about one foot in width and three feet in length between the walls.
Through this they passed into a smaller cavern, which, like the larger one, had its roof and walls incrusted with pearly spars and hung with sparkling stalactites, and its floor covered with living moss.
This cavern was not only beautiful, but comfortable. A large charcoal furnace that stood in the middle of the floor agreeably warmed the place, while the appetizing odor of hot coffee, broiled birds, and buckwheat cakes filled the air.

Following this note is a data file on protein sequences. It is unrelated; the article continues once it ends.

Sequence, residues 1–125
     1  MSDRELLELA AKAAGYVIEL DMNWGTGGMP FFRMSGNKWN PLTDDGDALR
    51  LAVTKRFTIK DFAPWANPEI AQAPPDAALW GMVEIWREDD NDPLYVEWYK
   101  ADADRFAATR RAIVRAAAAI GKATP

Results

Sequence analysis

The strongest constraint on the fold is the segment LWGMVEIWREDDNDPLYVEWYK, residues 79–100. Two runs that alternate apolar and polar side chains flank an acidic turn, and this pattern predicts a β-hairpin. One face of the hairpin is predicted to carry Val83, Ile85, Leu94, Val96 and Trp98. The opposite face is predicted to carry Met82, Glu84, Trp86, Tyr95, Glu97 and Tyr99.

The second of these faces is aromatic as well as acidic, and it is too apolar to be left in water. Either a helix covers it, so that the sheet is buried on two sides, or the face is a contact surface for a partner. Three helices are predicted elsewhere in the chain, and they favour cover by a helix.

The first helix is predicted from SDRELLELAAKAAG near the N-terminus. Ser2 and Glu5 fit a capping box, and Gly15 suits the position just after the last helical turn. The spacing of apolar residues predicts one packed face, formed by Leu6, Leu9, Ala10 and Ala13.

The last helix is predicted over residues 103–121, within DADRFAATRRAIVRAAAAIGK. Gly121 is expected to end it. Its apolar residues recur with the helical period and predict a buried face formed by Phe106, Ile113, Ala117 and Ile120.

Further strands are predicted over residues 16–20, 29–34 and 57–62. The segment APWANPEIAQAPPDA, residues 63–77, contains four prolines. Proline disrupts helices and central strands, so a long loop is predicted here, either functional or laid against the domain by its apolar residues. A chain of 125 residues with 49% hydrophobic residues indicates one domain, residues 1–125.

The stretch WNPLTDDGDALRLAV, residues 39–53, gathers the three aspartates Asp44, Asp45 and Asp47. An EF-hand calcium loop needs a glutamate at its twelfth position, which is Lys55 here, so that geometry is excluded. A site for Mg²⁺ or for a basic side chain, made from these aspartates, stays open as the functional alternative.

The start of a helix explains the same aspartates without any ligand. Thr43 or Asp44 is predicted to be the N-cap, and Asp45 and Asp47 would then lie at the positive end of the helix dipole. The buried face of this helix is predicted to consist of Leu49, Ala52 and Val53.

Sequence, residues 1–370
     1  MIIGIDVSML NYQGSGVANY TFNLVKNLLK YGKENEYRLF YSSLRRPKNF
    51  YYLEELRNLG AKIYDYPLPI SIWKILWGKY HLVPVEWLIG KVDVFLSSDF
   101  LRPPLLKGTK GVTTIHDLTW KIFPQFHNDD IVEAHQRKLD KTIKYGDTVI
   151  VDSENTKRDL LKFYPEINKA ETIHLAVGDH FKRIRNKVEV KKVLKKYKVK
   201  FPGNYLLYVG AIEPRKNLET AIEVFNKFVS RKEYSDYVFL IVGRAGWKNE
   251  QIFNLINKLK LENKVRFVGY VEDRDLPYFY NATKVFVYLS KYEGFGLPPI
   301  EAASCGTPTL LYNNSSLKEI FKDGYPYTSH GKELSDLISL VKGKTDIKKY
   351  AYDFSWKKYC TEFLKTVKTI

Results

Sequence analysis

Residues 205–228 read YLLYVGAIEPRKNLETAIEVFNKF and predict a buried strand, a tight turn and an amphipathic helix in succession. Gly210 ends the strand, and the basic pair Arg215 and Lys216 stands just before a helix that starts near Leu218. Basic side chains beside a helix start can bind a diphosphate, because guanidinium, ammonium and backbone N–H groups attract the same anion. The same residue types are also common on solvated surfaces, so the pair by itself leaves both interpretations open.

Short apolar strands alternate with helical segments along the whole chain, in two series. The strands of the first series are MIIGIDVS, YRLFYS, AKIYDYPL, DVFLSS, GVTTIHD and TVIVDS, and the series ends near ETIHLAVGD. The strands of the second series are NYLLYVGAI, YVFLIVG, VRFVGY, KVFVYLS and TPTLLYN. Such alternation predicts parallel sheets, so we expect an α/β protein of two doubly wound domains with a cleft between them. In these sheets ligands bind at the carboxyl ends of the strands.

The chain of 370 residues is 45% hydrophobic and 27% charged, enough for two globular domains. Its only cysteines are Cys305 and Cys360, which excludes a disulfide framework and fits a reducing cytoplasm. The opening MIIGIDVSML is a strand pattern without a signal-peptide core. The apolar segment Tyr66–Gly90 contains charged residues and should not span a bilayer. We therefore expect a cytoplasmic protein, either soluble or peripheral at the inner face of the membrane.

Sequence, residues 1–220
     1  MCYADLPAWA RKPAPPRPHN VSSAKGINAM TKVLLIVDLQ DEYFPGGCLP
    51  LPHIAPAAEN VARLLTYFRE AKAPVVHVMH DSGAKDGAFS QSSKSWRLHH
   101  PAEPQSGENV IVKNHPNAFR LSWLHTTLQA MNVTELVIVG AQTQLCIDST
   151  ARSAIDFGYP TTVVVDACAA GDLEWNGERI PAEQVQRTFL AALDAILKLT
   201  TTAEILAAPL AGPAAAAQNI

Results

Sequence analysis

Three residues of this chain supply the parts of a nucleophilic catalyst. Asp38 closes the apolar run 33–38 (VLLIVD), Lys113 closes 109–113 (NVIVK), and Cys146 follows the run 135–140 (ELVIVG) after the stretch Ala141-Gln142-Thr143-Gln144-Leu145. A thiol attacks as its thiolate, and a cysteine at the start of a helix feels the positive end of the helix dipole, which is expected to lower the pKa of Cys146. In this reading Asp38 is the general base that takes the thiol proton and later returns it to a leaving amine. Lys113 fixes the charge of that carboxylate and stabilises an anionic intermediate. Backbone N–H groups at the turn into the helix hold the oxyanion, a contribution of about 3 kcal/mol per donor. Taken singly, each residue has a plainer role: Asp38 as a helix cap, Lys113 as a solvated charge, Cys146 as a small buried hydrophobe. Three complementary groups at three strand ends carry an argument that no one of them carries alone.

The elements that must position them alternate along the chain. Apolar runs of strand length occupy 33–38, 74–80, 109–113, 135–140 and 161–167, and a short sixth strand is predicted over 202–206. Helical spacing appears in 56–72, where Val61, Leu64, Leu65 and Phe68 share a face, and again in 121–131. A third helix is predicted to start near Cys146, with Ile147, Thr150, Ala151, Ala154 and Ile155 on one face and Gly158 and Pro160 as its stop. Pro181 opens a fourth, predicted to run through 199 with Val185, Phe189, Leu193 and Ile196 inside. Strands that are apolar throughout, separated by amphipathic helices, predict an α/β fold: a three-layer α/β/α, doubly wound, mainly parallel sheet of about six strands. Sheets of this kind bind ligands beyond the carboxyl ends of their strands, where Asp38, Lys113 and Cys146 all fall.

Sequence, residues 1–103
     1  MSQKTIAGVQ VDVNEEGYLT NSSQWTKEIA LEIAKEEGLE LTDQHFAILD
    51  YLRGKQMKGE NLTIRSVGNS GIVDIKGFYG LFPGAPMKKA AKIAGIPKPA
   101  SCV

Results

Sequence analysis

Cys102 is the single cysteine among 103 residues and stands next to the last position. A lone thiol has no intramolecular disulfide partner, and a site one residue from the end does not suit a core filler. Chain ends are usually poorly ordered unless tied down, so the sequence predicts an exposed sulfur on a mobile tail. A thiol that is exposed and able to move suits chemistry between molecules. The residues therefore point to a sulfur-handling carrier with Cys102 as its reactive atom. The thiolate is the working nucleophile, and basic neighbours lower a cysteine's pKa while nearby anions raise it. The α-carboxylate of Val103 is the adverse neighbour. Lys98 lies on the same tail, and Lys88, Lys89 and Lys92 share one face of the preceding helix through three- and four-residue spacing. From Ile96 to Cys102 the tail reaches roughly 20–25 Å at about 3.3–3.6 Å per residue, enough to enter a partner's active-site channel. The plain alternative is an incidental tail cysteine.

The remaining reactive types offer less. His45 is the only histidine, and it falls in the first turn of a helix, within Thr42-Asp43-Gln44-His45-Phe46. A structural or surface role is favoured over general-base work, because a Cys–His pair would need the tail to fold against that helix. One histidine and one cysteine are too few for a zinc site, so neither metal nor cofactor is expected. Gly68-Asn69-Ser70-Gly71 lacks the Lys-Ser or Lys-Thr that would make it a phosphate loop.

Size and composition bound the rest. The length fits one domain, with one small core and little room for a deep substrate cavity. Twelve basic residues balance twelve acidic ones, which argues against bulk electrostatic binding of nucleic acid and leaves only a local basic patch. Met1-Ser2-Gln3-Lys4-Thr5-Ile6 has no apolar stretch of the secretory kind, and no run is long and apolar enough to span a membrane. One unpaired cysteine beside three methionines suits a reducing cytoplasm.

But the furniture of the place was the most incongruous and amazing that could be imagined. A wooden table of the rudest workmanship stood near the furnace, but it was covered with a white damask table-cloth of the finest description, and adorned with a service of the purest silver plate. With this elegant and costly array was intermingled crockery-ware of the coarsest pattern. Around the table were placed two three-legged stools of the roughest manufacture, and one piano chair of the most